by Shemuel Meir
For many the combination of the words “Donald Trump” and “nuclear weapons” is the stuff of nightmares. “If we have nuclear weapons — why don’t we use it?” asked Trump during his presidential campaign. In his view nuclear weapons is akin to conventional weapons, which means they can be used to promote U.S. interests. This is the man who on January 20th, 2017 will be in control of the largest nuclear arsenal in the world. Nuclear weapons are “monarchic,” such that the president of the U.S. is the sole decision maker over when to use them.
Equally worrying was Trump’s imploring Japan and South Korea — both of which enjoy America’s nuclear umbrella under a NATO-type defense treaty — to forgo the alliance with the U.S. and to arm themselves with nuclear weapons in the face of North Korean threats. The “proposal,” whose significance would be dismantling the Treaty on the Non-Proliferation of Nuclear Weapons (NPT) — the most universal treaty in the world, and the foundation of the global nuclear order.
But what about the Middle East? During his speech at the annual AIPAC conference in March of this year, Trump declared that the number one priority of his administration would be to “dismantle the agreement with Iran, which is a disaster.” People from Trump’s inner circle (though not Trump himself) added that the “bad deal” needs to be torn up on the first day of his presidency.
These issues, alongside additional strategic topics, are at the top of the priority list among Trump’s “first day” team, which views undoing Obama’s legacy as its top goal. The uncertainty over whether Trump will make good on his campaign promises make it difficult to truly analyze the current situation. It’s important, however, to raise the issues in light of what may come.
It is especially important to follow and see who will be appointed to Trump’s National Security Cabinet. The assumption that he will appoint neoconservatives does not bode well for the stability of the Middle East and the rest of the world. For instance, rumors that John Bolton will be appointed secretary of state. Bolton is among the harshest opponents of the Iran deal. In his article last week, Bolton ignored the International Atomic Energy Agency’s (IAEA) reports, according to which Iran is keeping its end of the deal, instead arguing that it is continuing to develop nuclear weapons. His conclusion is that the nuclear deal signed in July 2015 must be annulled. Bolton continues to stick to the doctrine of “regime change,” which will bring about the downfall of the regime in Iran. In the past he proposed forgoing the diplomatic route and egged on Israel to attack the Islamic Regime’s nuclear facilities. Thus appointing level-headed officials with experience in the field may send a calming message to the international community, much like Ronald Reagan’s closest advisors did in the 1980s.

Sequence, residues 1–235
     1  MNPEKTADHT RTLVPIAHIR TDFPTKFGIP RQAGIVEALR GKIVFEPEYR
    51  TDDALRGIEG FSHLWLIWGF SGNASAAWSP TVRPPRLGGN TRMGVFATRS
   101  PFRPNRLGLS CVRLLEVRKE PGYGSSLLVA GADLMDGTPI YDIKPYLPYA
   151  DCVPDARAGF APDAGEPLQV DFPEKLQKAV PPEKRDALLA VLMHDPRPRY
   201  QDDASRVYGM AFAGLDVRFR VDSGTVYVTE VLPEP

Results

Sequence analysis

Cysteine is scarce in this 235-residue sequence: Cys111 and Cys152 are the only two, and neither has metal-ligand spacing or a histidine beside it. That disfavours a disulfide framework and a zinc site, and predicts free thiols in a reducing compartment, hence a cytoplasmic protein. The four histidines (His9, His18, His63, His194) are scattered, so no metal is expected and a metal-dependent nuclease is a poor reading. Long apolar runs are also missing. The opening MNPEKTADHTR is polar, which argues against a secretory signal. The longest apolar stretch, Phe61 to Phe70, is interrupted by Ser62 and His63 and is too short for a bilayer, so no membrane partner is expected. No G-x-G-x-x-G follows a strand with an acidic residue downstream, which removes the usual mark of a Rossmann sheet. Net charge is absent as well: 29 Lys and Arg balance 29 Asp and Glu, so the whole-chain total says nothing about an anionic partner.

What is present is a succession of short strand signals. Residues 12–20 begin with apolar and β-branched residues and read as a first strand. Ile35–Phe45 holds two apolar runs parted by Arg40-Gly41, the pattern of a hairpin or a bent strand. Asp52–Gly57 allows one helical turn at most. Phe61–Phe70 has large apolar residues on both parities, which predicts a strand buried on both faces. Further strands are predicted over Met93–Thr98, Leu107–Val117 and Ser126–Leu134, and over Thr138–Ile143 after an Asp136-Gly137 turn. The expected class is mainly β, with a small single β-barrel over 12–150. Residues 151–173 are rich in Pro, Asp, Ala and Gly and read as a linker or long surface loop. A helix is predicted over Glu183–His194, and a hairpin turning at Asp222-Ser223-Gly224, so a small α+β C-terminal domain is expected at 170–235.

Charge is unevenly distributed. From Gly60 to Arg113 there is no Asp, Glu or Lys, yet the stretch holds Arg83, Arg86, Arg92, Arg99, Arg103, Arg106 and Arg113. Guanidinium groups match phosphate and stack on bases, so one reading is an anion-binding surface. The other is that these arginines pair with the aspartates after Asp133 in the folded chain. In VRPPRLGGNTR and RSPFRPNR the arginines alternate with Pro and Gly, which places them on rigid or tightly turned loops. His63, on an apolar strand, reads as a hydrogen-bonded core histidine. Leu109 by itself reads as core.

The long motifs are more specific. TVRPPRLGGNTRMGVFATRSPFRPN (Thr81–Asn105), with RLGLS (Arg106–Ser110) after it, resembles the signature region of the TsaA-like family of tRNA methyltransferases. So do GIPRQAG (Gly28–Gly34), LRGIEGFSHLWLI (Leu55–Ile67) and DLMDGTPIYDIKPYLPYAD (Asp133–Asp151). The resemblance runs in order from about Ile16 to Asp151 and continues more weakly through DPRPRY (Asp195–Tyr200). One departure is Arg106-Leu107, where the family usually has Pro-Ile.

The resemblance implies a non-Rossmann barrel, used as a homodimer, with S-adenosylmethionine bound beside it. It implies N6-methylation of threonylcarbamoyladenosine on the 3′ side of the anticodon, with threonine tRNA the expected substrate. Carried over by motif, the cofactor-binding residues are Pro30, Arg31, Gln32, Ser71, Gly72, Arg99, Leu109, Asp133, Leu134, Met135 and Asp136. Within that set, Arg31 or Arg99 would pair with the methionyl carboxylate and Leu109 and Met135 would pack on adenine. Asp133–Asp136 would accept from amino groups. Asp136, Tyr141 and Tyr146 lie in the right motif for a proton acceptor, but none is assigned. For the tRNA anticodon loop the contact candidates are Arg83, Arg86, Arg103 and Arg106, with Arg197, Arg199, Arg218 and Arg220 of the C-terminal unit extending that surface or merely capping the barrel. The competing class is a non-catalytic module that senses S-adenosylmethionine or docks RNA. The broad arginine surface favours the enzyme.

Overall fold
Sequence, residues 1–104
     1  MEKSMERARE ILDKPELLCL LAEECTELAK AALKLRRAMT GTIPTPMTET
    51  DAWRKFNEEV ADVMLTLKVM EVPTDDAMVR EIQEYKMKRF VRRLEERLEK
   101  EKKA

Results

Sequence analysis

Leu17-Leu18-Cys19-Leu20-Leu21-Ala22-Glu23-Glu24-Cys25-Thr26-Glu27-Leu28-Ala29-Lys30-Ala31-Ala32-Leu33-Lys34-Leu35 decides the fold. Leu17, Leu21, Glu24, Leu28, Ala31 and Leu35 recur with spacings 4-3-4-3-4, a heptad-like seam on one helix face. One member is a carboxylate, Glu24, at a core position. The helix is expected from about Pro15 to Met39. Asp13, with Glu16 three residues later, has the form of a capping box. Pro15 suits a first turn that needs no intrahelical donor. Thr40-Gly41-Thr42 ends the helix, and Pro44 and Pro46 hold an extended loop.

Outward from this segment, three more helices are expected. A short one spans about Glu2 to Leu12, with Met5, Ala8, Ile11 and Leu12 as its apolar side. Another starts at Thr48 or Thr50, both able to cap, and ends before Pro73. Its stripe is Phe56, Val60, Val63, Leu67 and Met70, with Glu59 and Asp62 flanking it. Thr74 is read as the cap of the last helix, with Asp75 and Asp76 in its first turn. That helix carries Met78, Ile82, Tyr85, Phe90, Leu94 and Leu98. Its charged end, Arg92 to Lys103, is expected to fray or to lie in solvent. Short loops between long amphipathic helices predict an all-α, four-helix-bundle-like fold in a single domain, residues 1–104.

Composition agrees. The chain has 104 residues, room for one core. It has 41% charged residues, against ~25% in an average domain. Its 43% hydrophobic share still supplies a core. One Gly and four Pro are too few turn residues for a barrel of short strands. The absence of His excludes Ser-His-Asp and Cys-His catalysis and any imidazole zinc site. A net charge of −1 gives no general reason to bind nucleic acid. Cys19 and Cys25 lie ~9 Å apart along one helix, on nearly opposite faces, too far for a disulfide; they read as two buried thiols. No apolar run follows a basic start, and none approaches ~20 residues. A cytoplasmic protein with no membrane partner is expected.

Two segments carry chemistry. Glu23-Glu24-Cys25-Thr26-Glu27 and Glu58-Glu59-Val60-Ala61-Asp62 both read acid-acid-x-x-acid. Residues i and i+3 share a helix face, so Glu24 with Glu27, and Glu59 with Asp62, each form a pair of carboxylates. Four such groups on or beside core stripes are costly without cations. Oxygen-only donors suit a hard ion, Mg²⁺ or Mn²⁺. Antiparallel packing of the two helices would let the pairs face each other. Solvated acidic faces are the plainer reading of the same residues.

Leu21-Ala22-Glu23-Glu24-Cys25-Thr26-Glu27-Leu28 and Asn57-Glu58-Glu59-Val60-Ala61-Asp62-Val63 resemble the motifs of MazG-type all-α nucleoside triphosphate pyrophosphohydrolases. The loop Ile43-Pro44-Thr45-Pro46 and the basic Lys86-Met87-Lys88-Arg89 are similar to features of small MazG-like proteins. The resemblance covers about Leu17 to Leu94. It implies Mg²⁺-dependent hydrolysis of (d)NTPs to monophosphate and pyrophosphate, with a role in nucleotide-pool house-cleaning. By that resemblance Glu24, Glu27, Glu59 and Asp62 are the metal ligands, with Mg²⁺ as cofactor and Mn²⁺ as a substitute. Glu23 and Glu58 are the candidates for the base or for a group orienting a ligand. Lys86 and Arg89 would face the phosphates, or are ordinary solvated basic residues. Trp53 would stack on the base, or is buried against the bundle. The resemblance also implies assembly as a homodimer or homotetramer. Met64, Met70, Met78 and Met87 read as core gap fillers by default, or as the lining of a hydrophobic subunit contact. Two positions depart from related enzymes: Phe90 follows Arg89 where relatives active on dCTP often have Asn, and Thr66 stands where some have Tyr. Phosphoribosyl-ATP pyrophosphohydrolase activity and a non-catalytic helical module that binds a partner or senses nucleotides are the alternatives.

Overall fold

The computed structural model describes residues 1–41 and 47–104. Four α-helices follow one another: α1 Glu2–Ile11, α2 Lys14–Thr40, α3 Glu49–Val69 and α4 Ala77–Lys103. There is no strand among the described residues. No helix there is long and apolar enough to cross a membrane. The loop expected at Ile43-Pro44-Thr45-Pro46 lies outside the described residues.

Trump has three options vis-a-vis the Iranian question: to leave the deal as is (this would be the most optimal decision), to rip it up, or to negotiate an amended deal. One of Trump’s advisors already attempted to calm things down by telling the BBC that Trump will not throw out the deal. But his comments are not enough. The advisor said that Trump will “re-evaluate” the deal and send a new version to Congress in order to “improve” it.
Doing so would mean negotiating a new deal. Trump’s advisor was ostensibly using innocent, diplomatic language. A majority Republican Congress and a strong group of neocons that seek to torpedo the Iran deal could spell the end of the agreement. We are already witnessing the return of the “bad, failed deal” narrative, along with calls to reach an “improved” one.
An anti-Iran cabinet could convince President Trump to get rid of the nuclear deal (not a treaty ratified by the Senate) with the stroke of a pen, by signing an executive order that would nullify Obama’s orders, which removed U.S. sanctions against the Islamic Republic.
But this path may put the U.S. on a path toward head-on collision with its European allies. Thus the administration would likely prefer to kill the deal “softly” through legislating new, harsh sanctions. The House of Representatives already renewed discussions on legislating sanctions in the days following the elections. Opponents of the deal prefer to add new sanctions, since doing so would not require using mechanism of the UN Security Council to renew sanctions. Congressional activism on the issue could lead Iran to withdraw from the deal and causes its collapse.